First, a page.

The rise of ISIS in the destabilized areas connecting Syria, Libya, and Iraq, much of the territory of which once made up the meat of a historical region referred to as the Levant, unfolded largely due to U.S. foreign policy blunders. Secular strong men Saddam Hussein, Muammar Gaddafi, and Bashar al-Assad had kept radical Islamist forces in check in Iraq, Libya, and Syria respectively before they found themselves on American neoconservatives’ somewhat-arbitrary and clearly ill-advised hit list.
With Hussein and Gaddafi gone and Assad struggling, ISIS emerged as professional terrorists from around the world have flooded into the region, tapped into the anger of once-marginalized Sunni minorities, and obtained advanced U.S. weaponry and military hardware through misguided American intelligence programs aimed at strengthening unverifiable “moderate rebels” against the secular strong men that had previously prevented terrorist uprisings.
Meanwhile, ISIS has become an enemy to nearly all of its neighbors, which, unfortunately for the U.S., consists largely of military forces that American leaders also consider enemies, making it impossible for the U.S. to create a local and regional coalition to take out ISIS. America’s main military ally against ISIS in the region is the weak Iraqi government that it has attempted to prop up and duct-tape back together after a prolonged military occupation that created mistrust among locals.
Putin’s Russia, on the other hand, which was reportedly victimized by what ISIS claims was a terror attack on a Russian airliner, started an air assault on ISIS on September 30 to support the terror group’s regional enemies. Consequently, a coalition of Syrian government forces—Hezbollah, Iran, and Russia, a list of groups that U.S. politicians consider enemies and thus can not assist—won the first major victory against ISIS earlier this week by liberating a once-besieged key air base in Syria’s Aleppo province, lending credibility to the notion that Putin’s strikes have turned the tides against ISIS in Syria.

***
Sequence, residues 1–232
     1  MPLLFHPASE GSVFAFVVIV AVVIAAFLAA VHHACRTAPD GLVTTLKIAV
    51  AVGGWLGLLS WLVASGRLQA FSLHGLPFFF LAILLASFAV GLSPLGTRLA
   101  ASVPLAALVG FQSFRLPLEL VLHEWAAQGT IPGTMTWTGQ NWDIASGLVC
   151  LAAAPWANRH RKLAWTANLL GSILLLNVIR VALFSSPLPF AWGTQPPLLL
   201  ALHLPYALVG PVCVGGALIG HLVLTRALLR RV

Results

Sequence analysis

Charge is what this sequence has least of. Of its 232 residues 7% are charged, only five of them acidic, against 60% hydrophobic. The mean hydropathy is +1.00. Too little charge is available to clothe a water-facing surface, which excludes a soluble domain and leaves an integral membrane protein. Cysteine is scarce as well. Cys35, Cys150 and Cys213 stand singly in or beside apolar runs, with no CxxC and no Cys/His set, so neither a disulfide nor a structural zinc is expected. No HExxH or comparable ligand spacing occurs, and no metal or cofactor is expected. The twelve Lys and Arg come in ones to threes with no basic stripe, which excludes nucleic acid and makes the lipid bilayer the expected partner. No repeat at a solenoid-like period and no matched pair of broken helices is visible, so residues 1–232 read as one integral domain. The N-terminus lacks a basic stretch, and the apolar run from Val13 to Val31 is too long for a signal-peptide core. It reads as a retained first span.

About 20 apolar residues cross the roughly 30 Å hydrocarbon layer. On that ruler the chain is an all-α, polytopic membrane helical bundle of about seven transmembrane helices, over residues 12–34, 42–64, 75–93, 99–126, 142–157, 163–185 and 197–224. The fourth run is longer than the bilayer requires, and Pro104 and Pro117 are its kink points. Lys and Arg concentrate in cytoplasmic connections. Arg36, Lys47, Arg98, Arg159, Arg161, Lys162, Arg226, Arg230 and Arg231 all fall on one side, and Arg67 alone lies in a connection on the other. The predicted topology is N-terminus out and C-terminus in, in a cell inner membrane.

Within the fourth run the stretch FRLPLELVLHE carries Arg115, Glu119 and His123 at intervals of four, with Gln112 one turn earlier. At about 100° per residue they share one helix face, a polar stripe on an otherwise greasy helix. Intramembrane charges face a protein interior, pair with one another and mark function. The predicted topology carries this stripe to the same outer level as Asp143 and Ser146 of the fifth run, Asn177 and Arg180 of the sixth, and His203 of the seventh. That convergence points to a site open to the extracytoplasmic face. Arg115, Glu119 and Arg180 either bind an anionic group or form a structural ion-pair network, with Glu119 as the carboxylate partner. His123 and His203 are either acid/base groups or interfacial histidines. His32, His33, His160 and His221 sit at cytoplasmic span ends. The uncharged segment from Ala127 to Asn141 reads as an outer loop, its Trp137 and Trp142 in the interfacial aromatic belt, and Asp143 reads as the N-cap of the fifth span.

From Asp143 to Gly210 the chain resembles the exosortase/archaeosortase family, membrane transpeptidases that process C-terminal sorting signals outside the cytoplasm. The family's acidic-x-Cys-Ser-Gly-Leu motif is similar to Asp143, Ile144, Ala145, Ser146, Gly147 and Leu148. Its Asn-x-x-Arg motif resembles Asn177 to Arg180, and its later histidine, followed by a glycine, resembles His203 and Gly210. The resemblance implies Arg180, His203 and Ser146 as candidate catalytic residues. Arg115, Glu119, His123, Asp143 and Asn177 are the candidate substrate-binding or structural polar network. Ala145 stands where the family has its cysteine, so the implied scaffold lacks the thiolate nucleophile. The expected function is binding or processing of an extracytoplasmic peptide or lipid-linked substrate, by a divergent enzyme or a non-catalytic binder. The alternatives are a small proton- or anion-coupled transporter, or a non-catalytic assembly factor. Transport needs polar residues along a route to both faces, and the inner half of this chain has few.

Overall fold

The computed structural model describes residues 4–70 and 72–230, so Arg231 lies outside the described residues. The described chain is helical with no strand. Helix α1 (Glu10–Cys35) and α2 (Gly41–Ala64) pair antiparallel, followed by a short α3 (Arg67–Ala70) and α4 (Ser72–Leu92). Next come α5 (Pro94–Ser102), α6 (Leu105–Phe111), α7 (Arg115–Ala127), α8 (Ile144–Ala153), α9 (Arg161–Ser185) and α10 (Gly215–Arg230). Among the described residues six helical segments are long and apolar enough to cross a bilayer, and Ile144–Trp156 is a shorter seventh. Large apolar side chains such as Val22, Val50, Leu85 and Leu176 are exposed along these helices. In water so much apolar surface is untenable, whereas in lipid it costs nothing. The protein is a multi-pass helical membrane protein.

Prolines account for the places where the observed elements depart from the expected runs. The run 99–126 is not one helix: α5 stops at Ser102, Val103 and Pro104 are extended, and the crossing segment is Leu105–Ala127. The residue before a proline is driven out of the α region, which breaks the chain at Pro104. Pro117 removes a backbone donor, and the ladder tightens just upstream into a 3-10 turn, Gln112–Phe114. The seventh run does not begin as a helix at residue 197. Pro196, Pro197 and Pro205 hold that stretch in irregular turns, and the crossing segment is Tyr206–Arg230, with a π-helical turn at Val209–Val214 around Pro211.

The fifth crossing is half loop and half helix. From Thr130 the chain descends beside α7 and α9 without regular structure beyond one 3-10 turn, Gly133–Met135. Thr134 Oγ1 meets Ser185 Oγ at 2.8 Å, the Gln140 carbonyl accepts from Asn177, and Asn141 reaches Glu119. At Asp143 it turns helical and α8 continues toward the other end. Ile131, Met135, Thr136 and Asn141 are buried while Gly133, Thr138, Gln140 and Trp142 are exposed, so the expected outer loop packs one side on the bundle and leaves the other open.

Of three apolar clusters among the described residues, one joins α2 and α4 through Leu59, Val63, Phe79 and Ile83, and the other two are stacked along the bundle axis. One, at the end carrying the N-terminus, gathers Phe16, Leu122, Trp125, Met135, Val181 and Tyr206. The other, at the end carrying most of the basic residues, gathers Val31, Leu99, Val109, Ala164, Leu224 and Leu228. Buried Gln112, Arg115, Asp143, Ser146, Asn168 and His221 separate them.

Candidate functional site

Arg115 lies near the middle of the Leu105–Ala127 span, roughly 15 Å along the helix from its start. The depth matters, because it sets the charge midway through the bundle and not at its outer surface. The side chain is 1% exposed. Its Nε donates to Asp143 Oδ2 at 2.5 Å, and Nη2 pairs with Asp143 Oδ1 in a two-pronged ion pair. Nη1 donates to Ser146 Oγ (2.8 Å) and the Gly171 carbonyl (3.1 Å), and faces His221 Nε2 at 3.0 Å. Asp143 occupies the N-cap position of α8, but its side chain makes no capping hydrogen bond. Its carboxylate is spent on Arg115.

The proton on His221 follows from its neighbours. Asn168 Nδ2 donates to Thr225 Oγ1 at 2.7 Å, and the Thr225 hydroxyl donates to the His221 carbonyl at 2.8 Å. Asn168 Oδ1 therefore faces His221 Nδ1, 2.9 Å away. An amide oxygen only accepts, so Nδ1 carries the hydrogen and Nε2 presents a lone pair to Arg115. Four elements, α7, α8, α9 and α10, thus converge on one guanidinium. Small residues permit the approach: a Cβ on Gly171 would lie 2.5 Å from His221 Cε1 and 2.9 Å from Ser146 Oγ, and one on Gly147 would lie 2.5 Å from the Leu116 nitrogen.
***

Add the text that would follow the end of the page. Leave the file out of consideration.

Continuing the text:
“U.S. media jumped all over the story of only one high profile terrorist possibly being targeted by U.S. drone strike while completely ignoring that Russian forces helped to end, this week, an ISIS siege of a key air base in Aleppo,” wrote Ben Swann in a Friday report on the U.S. effort to target ISIS propagandist “Jihadi John.”
Swann also noted in a CBS 46 Reality Check video, seen below, that the convoluted and “insane” foreign policy of most leading Republican presidential candidates aside from Donald Trump and Senator Rand Paul can be described as, “[Neoconservative-leaning GOP candidates] want to fight ISIS while also fighting Assad in Syria. Even though ISIS is fighting against Assad in Syria, and the Russians are helping Syria fight ISIS so [the U.S.] may have to fight Russia to stop them from fighting with Syria against ISIS.”
Neocons have floated the idea of ordering a no-fly zone over Syria, where Russian bombers are currently running sorties successfully targeting ISIS, which would put the brakes on Putin’s assault on ISIS and replace it with World War III style tensions between the U.S. and Russia.
Presidential candidate Donald Trump, however, said, “If Putin wants to beat the hell out of ISIS I’m all for it 100 percent. I can’t understand how anyone would be against it.”
According to Breitbart, Trump explained earlier this year, “Let Syria and ISIS fight. Why are we — why do we care? Let ISIS and Syria fight. And let Russia, they’re in Syria already, let them fight ISIS. Look, I don’t want ISIS. ISIS is bad. They’re evil. When they start doing with the head-chopping, and drowning of — these are really bad dues, so I don’t want them. But let them fight it out. Let Russia take care of ISIS. How many places can we be?”
Letting Putin take out ISIS would not be an abdication of American leadership. There is no American leadership in the region to abdicate. We have worn out our welcome with schizophrenic efforts to arm non-vetted “moderate rebels” who repeatedly turn out to be recruitment centers for ISIS fighters that are beheading everyone in sight in the region. We have decapitated the leadership of the few forces in the region that previously kept radical Islamists at bay. Now, the groups that have the ability to do it are U.S. enemies with whom we can not cooperate without a diplomatic re-alignment that hawkish American politicos will not support.
Russia, on the other hand, has built a coalition with Syria’s government, Iran, and Hezbollah that is making serious progress against ISIS in just a few short weeks. Let’s leave Syria alone and let Putin finish what he has started. Not only will it result in the decimation of ISIS, but it will do so without forcing the U.S. to borrow more from China to pay for it.